The latest additions to appear in the cellars – following the concrete triconic vats that arrived in 2005 – are beautifully curved amphorae that are crafted from gravel, clay and limestone, reflecting the soil of Pontet-Canet. Each vessel can hold 900 liters of wine and will be used to age 35 percent of the harvest to ensure that the influence of oak is never too much. The use of amphorae was introduced after Comme spent the last three years trialing various different shapes and sizes of alternatives to oak barrels.
No. 5. Growing grand:
Whether it’s a testament to the success of biodynamics or simply confidence in the quality of the estate’s winemaking, it is striking that Pontet-Canet produces barely any second wine, known as Les Hauts de Pontet-Canet. Approximately 90 percent of each harvest is destined for the first wine, leaving little fruit for the second label. This is in sharp contrast to other estates such as neighboring Mouton Rothschild (who allocated 49 per cent of its crop to its grand vin in 2012) or Haut-Brion (only 40 percent made it into the château’s grand vin).
Financial implications aside, it does seem logical that as a producer improves their work in the vineyards, grows healthier grapes, and uses ever-more-precise vinification methods in the winery, the quantity of the good stuff should go up rather than down. Certainly, that is what the Tesserons believe – and they intend to take the concept all the way.
“We have always maintained that wine is made in the vineyard and not the winery,” says Melanie, “and our long years of work are showing their fruits. In time it will be our objective to make 100 percent grand vin as long the quality is there.”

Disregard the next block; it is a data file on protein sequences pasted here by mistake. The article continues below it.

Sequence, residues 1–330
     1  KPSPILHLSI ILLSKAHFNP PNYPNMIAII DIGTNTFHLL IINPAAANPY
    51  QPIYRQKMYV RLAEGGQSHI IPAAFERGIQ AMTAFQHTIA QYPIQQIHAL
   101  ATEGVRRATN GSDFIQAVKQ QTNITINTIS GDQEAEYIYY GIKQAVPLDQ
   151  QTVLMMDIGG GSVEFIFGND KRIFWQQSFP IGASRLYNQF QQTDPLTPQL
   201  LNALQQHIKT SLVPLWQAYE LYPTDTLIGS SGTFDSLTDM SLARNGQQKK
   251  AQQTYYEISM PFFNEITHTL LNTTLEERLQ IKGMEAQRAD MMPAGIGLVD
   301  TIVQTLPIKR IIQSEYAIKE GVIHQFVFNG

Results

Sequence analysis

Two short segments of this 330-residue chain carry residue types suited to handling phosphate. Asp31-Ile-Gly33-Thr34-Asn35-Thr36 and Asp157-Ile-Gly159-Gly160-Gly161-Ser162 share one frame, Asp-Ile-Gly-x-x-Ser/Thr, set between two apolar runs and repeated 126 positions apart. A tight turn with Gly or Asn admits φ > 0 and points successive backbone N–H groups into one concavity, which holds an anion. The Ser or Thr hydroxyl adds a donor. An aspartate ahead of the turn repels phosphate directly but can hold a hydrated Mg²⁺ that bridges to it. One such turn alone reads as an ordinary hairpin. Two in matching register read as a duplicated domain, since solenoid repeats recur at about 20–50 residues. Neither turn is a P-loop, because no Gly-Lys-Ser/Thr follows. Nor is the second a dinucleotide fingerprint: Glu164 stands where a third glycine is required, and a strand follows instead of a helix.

No.6. The hand of Rolland:
With all the talk of biodynamics and staying close to the land, it might seem a bit odd that the wine consultant here is none other than Michel Rolland. And he’s not just here for the blending; Rolland is active at the estate throughout the year, and has been on board at Pontet since 1999. Melanie Tesseron explains that “we believe it is essential to have an external eye reassuring [us] in choices such as harvesting dates.”
Reaction from the trade is mixed. Mandy Chan of Ginsberg + Chan in Hong Kong says: “It does seem to clash with the biodynamic image, but running a successful winery is a complicated business, especially when you’ve become such a rising star.” Max Lalondrelle at Berry Bros. & Rudd in London believes the key difference at Pontet is that the estate is in firm control of the style.
“Michel Rolland has a finger in a lot of pies, including wines like Ausone,” says Lalondrelle.
“Unfortunately, over the past 15 years some properties have asked him to make Parker-point wines and this is what he did, while others have only taken the best out of Rolland but followed their own strategy.”
No. 7. Going it alone: